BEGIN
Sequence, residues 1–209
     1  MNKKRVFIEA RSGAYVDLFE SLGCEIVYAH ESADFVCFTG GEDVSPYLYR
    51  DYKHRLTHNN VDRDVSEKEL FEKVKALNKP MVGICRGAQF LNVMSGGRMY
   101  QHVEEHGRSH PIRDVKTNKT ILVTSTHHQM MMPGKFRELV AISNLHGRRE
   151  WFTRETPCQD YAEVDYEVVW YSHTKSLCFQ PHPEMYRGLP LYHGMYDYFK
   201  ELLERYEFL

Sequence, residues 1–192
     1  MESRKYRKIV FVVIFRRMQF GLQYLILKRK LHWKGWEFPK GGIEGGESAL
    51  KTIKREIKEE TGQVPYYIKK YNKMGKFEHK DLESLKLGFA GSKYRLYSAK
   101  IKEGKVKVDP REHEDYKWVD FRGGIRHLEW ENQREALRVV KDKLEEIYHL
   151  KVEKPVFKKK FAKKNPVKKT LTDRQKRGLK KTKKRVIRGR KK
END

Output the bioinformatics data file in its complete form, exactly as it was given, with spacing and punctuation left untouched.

Sequence, residues 1–209
     1  MNKKRVFIEA RSGAYVDLFE SLGCEIVYAH ESADFVCFTG GEDVSPYLYR
    51  DYKHRLTHNN VDRDVSEKEL FEKVKALNKP MVGICRGAQF LNVMSGGRMY
   101  QHVEEHGRSH PIRDVKTNKT ILVTSTHHQM MMPGKFRELV AISNLHGRRE
   151  WFTRETPCQD YAEVDYEVVW YSHTKSLCFQ PHPEMYRGLP LYHGMYDYFK
   201  ELLERYEFL

Sequence, residues 1–192
     1  MESRKYRKIV FVVIFRRMQF GLQYLILKRK LHWKGWEFPK GGIEGGESAL
    51  KTIKREIKEE TGQVPYYIKK YNKMGKFEHK DLESLKLGFA GSKYRLYSAK
   101  IKEGKVKVDP REHEDYKWVD FRGGIRHLEW ENQREALRVV KDKLEEIYHL
   151  KVEKPVFKKK FAKKNPVKKT LTDRQKRGLK KTKKRVIRGR KK